Hedge Funds Expect Difficult Year Ahead

Mar 9 2009 | 10:42am ET

While reporting an almost universal desire to raise new capital, the vast majority of senior hedge fund managers are anticipating that 2009 will be a difficult year for the industry.

According to a new Rothstein Kass report, 83.7% of survey participants expect that competition for hedge fund investors will dramatically increase, with new investors expected to represent the primary source of new capital to the sector. Amid rising operating costs and an enhanced regulatory focus on the industry, 79% of senior professionals also agreed that hedge funds will revert to being a niche investment class.

The majority of survey respondents anticipate that competition for investors will dramatically increase and that hedge funds will be much more costly to operate. Sixty-two percent also predict that M&A and restructuring activity among hedge funds will boom and 98.7% of hedge fund managers expect that there will be increased regulation of hedge funds. And 61.1% of respondents reported that their personal net worth had decreased by 30% or more.
 
“While managers recognize that enhanced transparency has the potential to increase operating costs, many are broadly supportive of increased regulation,” said Howard Altman, co-managing principal at Rothstein Kass. “They recognize that legislation may help to restore investor confidence, leading to renewed asset flows over time.”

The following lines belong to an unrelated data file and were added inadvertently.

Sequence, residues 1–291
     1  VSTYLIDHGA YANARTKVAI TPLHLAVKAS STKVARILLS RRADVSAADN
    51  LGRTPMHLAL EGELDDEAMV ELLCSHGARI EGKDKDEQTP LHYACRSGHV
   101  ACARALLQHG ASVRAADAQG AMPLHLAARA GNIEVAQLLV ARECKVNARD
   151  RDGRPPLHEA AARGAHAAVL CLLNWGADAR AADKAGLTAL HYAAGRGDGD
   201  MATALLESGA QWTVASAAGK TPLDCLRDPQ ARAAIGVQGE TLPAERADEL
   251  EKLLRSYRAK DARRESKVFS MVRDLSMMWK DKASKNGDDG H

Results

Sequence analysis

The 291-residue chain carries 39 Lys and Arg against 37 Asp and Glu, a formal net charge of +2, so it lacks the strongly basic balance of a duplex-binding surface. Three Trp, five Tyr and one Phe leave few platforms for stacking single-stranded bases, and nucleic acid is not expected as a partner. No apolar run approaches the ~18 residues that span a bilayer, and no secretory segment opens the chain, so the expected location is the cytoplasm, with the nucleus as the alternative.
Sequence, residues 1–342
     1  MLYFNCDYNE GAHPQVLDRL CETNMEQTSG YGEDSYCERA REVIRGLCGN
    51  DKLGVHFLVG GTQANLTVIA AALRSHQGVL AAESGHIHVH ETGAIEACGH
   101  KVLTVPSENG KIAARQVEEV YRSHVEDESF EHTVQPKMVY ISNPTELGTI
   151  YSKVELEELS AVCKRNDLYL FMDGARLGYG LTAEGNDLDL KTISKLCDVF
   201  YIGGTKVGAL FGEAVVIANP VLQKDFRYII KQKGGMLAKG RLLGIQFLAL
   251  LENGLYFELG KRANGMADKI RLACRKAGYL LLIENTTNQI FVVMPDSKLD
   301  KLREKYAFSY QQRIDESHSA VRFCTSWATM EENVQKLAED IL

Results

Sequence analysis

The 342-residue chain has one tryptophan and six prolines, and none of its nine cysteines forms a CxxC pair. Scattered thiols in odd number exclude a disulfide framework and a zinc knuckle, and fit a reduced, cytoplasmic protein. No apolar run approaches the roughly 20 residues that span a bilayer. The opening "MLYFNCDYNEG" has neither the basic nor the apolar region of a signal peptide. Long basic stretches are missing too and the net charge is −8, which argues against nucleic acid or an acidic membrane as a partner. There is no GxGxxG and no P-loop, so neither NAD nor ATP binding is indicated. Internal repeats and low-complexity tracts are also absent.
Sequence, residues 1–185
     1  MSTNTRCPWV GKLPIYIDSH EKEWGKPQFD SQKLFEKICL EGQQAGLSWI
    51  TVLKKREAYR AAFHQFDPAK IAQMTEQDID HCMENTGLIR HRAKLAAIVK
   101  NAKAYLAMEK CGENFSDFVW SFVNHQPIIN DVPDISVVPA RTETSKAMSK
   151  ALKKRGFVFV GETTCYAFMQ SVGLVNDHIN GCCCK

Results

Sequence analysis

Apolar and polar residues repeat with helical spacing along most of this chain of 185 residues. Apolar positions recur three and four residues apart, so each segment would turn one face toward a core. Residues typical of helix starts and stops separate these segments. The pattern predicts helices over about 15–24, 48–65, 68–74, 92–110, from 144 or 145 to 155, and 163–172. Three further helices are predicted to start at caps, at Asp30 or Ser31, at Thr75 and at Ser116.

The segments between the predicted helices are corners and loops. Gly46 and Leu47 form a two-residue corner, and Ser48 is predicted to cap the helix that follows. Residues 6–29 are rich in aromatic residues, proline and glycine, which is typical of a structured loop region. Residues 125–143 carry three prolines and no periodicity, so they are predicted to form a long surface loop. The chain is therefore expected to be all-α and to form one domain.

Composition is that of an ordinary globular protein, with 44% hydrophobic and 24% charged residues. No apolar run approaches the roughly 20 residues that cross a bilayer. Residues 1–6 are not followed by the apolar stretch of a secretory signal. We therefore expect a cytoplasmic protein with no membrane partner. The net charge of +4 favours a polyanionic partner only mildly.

The survey was based on telephone interviews with 239 hedge fund senior partners at U.S.-based hedge fund organizations with at least $100 million under management and no less than five years in operation.


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Chicago-based independent futures brokerage and clearing firm R.J. O’Brien & Associates (RJO) has hired industry veteran Daniel Staniford as Executive Director, responsible for the firm’s institutional business development in New York and London.

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